During a meeting of the Hart board last week, it was revealed that construction costs have increased by more than $US 830m while the Covid-19 pandemic has created a $US 450m funding hole. Hart also faces $US 841m in financial costs.
“One of the biggest factors behind the cost increase is the complexity of utility relocation along Dillingham Boulevard,” says Mr Bill Wilson, editor-in-chief of IRJ’s sister publication Railway Track & Structures. Wilson says the project was delayed by at least nine months because Hart failed to provide city department heads with complete designs for the work.
Hart has still not awarded a contract for the final phase of the project. Hart’s executive director, Mr Andrew Robbins told Honolulu City Council’s Budget Committee that he wants to finalise the procurement process before the Thanksgiving holiday on November 26.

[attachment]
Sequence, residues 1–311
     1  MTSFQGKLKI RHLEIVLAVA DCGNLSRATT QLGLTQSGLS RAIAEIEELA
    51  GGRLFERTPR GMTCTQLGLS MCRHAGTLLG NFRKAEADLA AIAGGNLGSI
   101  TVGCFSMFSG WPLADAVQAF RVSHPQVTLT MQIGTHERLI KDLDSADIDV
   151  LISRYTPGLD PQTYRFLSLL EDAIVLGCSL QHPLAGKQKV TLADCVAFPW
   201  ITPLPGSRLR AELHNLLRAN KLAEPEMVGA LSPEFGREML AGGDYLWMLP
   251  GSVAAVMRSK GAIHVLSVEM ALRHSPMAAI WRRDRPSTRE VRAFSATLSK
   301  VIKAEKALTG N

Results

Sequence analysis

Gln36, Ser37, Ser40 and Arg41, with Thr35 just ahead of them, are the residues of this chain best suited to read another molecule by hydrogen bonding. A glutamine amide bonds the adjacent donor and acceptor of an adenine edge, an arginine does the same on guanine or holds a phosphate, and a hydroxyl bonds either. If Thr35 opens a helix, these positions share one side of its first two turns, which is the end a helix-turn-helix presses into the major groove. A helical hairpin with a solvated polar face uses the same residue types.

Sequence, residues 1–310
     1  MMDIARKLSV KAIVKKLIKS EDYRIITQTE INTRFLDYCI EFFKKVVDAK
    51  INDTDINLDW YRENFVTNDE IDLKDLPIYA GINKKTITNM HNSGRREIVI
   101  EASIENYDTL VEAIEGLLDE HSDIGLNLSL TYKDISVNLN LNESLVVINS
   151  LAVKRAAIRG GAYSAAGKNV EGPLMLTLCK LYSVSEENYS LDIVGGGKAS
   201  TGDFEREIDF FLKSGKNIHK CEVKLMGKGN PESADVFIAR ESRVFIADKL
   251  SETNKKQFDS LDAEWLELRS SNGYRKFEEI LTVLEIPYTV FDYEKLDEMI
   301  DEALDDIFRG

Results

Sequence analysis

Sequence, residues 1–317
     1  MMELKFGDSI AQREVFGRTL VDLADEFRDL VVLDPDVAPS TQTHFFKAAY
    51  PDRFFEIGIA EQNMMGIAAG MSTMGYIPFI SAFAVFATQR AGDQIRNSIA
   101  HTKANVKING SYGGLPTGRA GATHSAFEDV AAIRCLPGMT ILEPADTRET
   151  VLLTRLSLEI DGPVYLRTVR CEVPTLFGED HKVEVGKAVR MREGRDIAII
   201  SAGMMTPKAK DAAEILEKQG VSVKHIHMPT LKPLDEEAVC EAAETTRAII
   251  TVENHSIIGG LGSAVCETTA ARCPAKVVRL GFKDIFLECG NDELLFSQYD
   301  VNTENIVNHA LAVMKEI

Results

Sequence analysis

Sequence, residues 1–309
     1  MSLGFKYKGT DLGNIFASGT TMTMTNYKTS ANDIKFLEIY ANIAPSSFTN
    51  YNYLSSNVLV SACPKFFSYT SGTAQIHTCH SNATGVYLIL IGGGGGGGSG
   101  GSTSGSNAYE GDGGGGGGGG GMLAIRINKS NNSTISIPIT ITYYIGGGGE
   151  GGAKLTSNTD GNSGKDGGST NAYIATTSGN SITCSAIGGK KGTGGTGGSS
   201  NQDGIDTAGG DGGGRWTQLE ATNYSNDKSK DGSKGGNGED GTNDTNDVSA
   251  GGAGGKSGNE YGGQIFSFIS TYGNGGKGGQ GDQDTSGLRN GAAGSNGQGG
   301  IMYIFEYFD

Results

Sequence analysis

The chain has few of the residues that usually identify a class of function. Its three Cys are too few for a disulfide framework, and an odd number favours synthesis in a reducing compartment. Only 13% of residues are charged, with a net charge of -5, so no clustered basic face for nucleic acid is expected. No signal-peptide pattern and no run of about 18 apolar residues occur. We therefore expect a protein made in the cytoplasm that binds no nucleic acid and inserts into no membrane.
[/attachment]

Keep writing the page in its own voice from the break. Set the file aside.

The Budget Committee decided on October 14 not to advance a measure that would have revoked a $US 214m commitment towards rail construction. The move was part of the project’s federally approved recovery plan.
When the state of Hawaii recovers from the pandemic, Honolulu’s mayor, Mr Kirk Caldwell. says the city could try to extend Oahu’s 0.5% general excise tax surcharge or try other revenue-raising measures to help pay for the project.
Honolulu broke ground for the metro in February 2011. At that time, the project was estimated to cost $US 5.5bn with a completion date of 2019.
Tracklaying started on the first section in December 2014, while the first two vehicles from an order for 20 four-car driverless trains from Hitachi Rail Italy (HRI) arrived in Hawaii in March 2016. According to Hart, the project is currently 59% complete and is now expected to open in 2026.
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